AbstractThere is little debate that mechanical feedback is a key factor in the regulation and maintenance of adult bone structure, following the principles of the mechanostat hypothesis. The factors that drive early ontogenetic change in skeletal microarchitecture are less easily discerned, however, and appear to include not only functional interactions, but also genetic and epigenetic components that may form a blueprint for future development.
The increasingly sophisticated capabilities of imaging technologies provide a platform through which ontogenetic patterns in skeletal development can be studied. When these patterns are considered in conjunction with major physiological, motor and sociological milestones, it may be possible to identify the factors that drive specific phases of development. In particular, digital radiography and micro-computed tomography are regarded as the gold standard imaging modalities for respective qualitative and quantitative studies of skeletal architecture. In this research, these techniques were applied to a sample of juvenile ischia across a developmental spectrum to identify changes in structure with increasing maturity.
The human ischium presents a suitable region for early ontogenetic investigation. During post-natal maturation, it develops load-bearing functions associated with bipedal locomotion and is primarily responsible for weight transmission through the pelvis in a seated posture. However, it reportedly experiences less pronounced mechanical strains and may therefore allow a greater exploration of the non-mechanical stimuli involved in early skeletal development.
The qualitative investigation of ischial development between the late fetal period and 14 years of age, identified 6 progressive phases of ischial development. In the fetal and perinatal period, bone intensity was found to increase rapidly to form a robust, radiopaque structure. Between 5 months and 2 years of age, there was a substantial decrease in the radiographic intensity of the ischium. This early period of bone loss may be linked to the dual action of the infant growth spurt, a period of enhanced growth of both the trunk and limbs, and the weaning period, which may restrict the availability of ingested dietary calcium and therefore demand the release of stored skeletal calcium to facilitate growth. Beyond this period, however, this pattern of loss reversed and radiopacity was found to increase, with the most pronounced increases seen in the regions associated with the acetabulum and ischial spine.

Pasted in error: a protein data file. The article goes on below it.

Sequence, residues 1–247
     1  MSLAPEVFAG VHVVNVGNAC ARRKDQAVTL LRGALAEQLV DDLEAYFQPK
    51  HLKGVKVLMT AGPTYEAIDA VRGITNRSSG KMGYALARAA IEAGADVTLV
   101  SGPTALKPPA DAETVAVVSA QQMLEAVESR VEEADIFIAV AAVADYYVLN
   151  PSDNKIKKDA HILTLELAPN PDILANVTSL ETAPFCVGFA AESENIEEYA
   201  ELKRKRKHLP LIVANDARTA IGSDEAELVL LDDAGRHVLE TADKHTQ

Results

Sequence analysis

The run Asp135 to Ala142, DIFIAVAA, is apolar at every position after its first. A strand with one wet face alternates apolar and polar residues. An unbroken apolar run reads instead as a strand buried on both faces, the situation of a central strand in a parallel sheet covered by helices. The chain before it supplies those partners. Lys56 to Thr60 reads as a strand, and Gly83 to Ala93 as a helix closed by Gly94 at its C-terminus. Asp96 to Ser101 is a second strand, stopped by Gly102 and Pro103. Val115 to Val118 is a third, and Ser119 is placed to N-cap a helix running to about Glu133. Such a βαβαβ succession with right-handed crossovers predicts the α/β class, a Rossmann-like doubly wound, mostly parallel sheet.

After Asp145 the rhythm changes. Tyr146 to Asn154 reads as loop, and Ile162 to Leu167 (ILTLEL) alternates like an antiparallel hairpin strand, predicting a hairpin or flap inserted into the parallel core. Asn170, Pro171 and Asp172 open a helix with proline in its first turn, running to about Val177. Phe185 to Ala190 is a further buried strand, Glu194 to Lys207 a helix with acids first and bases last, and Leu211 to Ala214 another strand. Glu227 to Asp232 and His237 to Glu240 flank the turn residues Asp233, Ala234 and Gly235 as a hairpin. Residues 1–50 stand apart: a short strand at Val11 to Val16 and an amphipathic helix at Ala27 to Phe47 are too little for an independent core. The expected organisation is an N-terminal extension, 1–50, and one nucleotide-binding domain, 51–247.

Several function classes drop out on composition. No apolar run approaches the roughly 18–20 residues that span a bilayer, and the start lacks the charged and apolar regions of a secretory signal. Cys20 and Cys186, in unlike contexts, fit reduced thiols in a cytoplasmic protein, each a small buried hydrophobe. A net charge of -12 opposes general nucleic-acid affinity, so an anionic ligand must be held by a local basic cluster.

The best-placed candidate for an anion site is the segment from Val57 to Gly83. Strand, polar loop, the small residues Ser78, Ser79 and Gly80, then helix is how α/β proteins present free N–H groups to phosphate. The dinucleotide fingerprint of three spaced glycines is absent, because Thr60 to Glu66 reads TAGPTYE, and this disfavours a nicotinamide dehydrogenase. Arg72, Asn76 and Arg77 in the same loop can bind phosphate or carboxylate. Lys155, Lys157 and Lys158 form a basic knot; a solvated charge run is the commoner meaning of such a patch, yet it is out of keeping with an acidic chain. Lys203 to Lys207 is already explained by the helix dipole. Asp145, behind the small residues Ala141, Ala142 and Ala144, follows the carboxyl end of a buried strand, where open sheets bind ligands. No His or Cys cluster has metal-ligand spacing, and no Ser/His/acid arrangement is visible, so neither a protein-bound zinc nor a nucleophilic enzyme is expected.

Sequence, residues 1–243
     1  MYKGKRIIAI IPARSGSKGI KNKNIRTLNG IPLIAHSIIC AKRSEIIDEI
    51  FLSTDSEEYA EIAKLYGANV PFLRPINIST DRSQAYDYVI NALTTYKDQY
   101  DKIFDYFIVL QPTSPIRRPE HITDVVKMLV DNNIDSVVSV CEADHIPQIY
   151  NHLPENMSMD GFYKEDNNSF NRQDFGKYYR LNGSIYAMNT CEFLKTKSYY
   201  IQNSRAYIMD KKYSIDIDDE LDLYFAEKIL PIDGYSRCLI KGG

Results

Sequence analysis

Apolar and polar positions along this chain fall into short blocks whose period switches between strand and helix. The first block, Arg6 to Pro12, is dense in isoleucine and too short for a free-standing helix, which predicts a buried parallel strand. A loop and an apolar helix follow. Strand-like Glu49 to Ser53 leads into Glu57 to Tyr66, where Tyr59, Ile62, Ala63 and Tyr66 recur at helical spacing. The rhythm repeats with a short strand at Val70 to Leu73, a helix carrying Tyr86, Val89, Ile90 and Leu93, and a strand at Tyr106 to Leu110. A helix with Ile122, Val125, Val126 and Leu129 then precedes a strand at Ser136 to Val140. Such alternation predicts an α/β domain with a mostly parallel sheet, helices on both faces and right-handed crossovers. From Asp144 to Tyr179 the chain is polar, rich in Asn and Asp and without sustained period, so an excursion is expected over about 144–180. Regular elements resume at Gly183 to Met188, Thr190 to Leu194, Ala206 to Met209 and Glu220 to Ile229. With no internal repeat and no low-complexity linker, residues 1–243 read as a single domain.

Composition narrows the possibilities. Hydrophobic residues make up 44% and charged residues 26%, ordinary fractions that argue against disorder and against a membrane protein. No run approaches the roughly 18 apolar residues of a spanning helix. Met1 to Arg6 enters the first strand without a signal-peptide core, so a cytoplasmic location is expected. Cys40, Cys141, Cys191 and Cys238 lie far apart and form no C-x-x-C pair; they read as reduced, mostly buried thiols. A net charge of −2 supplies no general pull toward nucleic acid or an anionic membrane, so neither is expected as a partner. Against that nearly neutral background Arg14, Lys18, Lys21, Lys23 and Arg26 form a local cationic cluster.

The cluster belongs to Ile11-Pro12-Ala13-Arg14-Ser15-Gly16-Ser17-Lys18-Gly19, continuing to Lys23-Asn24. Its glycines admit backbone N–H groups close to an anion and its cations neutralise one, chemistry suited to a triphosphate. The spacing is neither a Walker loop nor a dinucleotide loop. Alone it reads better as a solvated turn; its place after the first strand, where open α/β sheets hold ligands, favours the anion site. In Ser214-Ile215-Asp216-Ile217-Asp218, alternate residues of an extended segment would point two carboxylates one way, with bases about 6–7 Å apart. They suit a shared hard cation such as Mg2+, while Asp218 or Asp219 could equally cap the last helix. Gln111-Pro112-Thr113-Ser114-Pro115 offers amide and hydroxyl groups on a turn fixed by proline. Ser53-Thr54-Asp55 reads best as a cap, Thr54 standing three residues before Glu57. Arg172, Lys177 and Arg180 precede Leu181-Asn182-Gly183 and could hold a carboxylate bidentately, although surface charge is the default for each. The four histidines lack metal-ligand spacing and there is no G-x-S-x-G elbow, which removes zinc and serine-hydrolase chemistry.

To further explore the period of apparent bone accrual and subsequent loss that characterised the infant developmental period, micro-computed tomography was used to document the perinatal trabecular and cortical architecture and investigate changes in the internal structure with increasing maturity, up to 3 years of age.
Analysis of the perinatal ischium revealed statistically significant differences in regional trabecular bone characteristics and cortical thickness. The metaphyseal regions were defined by relatively immature bone indicative of modelling activities, regions of growth, while the central body of the ischium contained a more mature trabecular architecture that was consistent with accommodating the presence of a proliferating vascular centre.
It was subsequently confirmed that the loss of bone intensity observed qualitatively was the result of a significant decrease in bone volume fraction and cortical thickness across the ischium between 5 months and 2 years of age. Associated architectural changes included a significant decrease in trabecular number and an incremental increase in trabecular thickness. These changes suggest that there is a paradigm shift during infancy which prompts a rapid resorption of mineralised tissue within the ischium, perhaps to release sufficient stored calcium to facilitate the rapid growth of the child which is characteristic of this period. However, the changes are not exclusively deleterious, as the trabecular tissue which remains appears to undergo remodelling to increase trabecular thickness and perhaps prevent mechanical failure during routine use.
The identification of a period of skeletal overproduction and subsequent constructive regression may be of great significance in understanding early bone development at a whole-bone level and any subsequent failure. It is further proposed that the end of this transitory period may signal a biological switch between genetically-programmed skeletal growth in-utero and a functionally adaptive growth guided primarily by biomechanical stimuli.
|Date of Award
|Sue Black (Supervisor) & Craig Cunningham (Supervisor)
- Skeletal development
- Microcomputed tomography
- Gradient map